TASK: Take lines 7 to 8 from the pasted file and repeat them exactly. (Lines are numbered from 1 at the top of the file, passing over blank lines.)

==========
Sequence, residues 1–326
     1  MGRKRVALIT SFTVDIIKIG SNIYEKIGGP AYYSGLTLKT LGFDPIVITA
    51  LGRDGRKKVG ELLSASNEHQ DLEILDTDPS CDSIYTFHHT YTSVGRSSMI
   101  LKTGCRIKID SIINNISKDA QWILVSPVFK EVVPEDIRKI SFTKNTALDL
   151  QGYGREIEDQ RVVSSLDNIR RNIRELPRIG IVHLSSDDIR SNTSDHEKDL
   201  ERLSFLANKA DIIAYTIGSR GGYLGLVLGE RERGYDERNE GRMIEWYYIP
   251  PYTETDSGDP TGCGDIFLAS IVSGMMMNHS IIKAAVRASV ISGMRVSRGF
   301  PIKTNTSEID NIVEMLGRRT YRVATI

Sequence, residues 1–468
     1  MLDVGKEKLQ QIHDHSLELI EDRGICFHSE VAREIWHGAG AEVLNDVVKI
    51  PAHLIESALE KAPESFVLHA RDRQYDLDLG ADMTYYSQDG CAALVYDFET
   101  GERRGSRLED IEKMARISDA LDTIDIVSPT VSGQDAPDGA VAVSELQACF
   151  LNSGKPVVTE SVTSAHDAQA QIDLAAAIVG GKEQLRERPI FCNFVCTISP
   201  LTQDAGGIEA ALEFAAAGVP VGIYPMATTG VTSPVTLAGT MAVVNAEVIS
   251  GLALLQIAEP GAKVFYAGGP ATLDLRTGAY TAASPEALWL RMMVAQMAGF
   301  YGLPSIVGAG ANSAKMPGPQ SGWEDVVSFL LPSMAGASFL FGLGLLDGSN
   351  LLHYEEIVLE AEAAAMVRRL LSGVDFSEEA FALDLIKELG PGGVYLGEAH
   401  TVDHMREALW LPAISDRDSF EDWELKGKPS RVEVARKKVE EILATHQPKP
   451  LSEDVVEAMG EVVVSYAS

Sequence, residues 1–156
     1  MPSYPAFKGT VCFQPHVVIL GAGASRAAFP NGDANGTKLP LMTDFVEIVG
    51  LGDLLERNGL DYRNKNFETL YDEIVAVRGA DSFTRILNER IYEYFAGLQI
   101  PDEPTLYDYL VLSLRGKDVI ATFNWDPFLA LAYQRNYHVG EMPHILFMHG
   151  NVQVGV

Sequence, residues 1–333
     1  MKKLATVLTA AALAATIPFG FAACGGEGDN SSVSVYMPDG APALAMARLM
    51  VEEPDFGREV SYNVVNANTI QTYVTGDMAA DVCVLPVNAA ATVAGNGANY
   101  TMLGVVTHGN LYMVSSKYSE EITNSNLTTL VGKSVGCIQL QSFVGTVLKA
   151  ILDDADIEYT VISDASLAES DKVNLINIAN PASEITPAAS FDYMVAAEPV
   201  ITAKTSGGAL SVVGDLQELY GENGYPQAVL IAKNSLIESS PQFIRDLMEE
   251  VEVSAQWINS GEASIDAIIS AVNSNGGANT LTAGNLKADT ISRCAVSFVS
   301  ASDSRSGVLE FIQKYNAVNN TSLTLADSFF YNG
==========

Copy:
   251  PYTETDSGDP TGCGDIFLAS IVSGMMMNHS IIKAAVRASV ISGMRVSRGF
   301  PIKTNTSEID NIVEMLGRRT YRVATI